S&S: Well, I'm curious, because I've seen some of your sketches that you've done with your designs. Are you all self-taught with your sketches?
CL: I'm not good at anything. I just know a tiny little bit about a lot of stuff. So my doodles eventually make it on Hawaiian shirts and stuff like that. But you can see it, they always kind of look like a child did those drawings because I don't know what I'm doing. But I hate copying, cutting and pasting. So all our tags are kind of hand drawn. And I did lift a few things from old Sears and Roebuck catalogs from the '30s and '40s. But everything we do, usually all the labels, for instance, are always hand drawn.
S&S: You’ve had this long-standing relationship with Sugar Cane Denim and Toyo Enterprise. How did that come about?
CL: When I was on my own at the store, before I started making clothing, I would always mess around with military surplus, you know like dyeing stuff or cutting the sleeves and making bags out of old tents and this and that. I would always alter things. It was not exactly designing, but it was just like reconstructing clothing. And there was a big boom in Japan at the time for what in the US they call “remake.”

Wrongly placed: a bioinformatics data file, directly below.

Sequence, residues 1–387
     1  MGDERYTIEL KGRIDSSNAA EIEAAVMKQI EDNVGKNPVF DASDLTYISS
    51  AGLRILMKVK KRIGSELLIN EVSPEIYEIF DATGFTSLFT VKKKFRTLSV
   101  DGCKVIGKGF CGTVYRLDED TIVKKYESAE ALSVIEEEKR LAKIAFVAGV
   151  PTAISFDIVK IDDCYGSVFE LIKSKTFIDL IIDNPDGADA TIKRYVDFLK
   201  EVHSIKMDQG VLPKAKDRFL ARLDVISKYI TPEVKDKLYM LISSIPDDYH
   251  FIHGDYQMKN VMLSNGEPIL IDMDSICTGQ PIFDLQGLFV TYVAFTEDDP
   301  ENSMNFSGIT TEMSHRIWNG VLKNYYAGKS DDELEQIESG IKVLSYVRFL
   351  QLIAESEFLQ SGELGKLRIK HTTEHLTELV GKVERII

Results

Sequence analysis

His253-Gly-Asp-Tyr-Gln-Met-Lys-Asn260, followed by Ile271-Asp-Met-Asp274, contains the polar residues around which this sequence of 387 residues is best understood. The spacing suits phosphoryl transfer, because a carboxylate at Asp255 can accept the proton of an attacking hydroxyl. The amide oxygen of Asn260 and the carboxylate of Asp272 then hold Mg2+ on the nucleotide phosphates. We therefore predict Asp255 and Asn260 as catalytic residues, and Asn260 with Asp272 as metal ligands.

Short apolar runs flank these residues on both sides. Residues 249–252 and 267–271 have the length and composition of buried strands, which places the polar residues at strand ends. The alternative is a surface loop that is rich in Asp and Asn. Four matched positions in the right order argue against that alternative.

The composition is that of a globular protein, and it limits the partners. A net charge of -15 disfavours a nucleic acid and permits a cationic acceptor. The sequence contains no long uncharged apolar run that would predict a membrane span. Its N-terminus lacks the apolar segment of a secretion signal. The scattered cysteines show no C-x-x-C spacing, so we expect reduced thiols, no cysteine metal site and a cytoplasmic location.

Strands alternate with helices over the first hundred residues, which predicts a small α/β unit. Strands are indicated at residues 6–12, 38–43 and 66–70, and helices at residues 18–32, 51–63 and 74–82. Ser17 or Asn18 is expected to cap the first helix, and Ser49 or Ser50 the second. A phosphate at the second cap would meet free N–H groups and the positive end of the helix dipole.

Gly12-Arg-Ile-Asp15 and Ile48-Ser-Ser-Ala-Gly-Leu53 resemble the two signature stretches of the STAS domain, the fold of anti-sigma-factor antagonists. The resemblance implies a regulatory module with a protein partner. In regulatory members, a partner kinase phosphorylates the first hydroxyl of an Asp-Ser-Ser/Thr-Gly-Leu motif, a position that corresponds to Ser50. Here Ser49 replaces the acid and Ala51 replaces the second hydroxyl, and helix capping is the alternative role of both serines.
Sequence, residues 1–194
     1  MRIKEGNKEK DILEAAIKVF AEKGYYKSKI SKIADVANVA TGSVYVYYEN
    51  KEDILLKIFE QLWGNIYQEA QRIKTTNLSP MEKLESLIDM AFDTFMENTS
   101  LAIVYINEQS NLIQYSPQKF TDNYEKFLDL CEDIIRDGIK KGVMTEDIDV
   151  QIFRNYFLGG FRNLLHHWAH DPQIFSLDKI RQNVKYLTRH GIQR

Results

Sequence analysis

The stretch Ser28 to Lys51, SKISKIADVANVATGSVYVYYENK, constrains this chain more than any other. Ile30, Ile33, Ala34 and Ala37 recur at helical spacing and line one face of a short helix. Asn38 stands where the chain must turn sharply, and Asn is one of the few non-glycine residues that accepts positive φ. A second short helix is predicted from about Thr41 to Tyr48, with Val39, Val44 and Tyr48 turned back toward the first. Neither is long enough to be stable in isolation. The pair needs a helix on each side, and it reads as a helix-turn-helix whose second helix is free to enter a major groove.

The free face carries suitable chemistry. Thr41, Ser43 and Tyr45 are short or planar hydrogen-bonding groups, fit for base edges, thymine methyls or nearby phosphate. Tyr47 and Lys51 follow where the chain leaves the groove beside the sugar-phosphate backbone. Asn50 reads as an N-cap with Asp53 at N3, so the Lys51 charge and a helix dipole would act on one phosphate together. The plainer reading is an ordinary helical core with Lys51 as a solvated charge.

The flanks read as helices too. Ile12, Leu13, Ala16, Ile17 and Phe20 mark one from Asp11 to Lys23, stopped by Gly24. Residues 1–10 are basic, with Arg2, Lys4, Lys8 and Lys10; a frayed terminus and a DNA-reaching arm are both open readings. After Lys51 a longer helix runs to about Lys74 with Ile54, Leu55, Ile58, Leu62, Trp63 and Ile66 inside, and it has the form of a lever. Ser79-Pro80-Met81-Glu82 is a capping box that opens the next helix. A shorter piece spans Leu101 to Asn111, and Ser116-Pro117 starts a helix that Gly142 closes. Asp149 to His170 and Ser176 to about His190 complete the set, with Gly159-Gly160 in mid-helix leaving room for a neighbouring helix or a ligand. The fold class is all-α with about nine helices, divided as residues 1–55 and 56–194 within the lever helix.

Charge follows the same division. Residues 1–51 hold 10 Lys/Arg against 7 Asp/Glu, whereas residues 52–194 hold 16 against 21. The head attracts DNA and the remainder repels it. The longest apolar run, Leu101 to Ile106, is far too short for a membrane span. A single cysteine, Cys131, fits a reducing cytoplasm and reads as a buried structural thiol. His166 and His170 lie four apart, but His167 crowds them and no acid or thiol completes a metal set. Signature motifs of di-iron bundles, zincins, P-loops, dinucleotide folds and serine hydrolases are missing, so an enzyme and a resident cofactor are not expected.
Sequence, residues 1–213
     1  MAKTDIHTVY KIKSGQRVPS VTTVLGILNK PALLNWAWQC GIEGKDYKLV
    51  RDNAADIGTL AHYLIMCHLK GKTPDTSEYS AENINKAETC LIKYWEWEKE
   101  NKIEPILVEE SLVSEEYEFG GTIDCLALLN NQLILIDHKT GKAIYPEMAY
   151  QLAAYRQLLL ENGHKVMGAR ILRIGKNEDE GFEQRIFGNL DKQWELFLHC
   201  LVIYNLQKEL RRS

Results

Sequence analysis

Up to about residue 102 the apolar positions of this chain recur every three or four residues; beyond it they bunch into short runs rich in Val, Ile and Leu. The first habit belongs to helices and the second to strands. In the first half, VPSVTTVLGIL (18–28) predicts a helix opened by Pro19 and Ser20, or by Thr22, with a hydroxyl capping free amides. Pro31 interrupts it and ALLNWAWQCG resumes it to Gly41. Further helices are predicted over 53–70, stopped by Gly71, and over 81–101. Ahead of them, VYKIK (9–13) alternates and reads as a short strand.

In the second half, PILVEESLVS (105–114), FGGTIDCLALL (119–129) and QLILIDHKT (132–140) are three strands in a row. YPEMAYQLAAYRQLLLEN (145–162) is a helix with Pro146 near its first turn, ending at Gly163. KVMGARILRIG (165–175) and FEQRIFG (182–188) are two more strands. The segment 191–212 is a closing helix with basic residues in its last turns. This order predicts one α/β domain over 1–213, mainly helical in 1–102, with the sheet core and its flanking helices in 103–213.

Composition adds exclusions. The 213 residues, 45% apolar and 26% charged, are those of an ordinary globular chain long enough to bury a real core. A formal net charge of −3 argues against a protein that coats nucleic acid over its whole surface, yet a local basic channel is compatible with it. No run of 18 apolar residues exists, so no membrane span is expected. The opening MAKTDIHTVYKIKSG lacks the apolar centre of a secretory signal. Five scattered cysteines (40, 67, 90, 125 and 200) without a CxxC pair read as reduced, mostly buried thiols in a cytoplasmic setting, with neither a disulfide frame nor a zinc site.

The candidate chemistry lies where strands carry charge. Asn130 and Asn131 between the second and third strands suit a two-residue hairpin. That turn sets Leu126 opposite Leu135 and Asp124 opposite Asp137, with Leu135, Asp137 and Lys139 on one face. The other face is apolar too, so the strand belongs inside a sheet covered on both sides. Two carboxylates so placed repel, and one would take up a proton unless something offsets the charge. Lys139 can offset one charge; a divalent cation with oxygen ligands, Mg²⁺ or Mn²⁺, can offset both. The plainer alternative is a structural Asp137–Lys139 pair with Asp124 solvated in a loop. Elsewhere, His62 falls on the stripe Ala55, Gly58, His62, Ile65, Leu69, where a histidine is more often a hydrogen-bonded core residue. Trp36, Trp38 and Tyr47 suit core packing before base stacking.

And then I got contacted by the Sugar Cane people from Toyo Enterprise. Three of them came to the store, and I knew of the brand because I had worn Sugar Cane Jeans when I was in Japan, and they asked me to design a pair of jeans. And I said, "Of course," but of course I had no idea how to do that. I knew what old jeans looked like from different brands and this and that, but as far as making one from scratch, I didn’t know anything. They gave me a deadline.
Two weeks before the deadline I was like, "Oh-oh." So I deconstructed a bunch of jeans. Actually it was a pair of naval dungarees originally. And again, I knew how to sew, I just didn't know anything about patterns or how to make garments. Also, I did not want them to be stamped as a fashion piece. So the only justification that I could come up with was they had to look like it could have existed. So I came up with this little somewhat historical scenario with the jeans. It was a merchant marine guy who had to scramble and make a pair of work pants for himself. And so I kind of wrote up that little story and the resulting jeans were complete Frankenstein. When I submitted that to the Toyo people, they were like, "Wow, that's kind of interesting. Let's see." They definitely were not a hit but some people liked them.